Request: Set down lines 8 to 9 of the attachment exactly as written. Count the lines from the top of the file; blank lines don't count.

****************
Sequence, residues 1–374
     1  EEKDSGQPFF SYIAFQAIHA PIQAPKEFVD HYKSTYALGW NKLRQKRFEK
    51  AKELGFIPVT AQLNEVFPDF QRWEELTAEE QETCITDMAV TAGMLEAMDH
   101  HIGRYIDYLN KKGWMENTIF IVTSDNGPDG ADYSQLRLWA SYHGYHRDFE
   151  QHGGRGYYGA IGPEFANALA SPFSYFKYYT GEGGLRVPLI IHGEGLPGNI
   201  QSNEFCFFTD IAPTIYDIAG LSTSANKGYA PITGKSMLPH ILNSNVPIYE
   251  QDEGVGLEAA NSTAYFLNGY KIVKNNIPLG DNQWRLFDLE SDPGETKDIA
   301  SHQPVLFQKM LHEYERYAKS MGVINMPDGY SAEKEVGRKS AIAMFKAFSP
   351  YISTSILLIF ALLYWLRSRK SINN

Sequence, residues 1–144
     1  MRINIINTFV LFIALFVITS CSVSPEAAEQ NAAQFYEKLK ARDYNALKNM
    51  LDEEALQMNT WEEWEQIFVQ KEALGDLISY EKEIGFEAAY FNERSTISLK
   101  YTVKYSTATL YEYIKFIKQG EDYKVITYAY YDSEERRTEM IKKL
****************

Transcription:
   301  SHQPVLFQKM LHEYERYAKS MGVINMPDGY SAEKEVGRKS AIAMFKAFSP
   351  YISTSILLIF ALLYWLRSRK SINN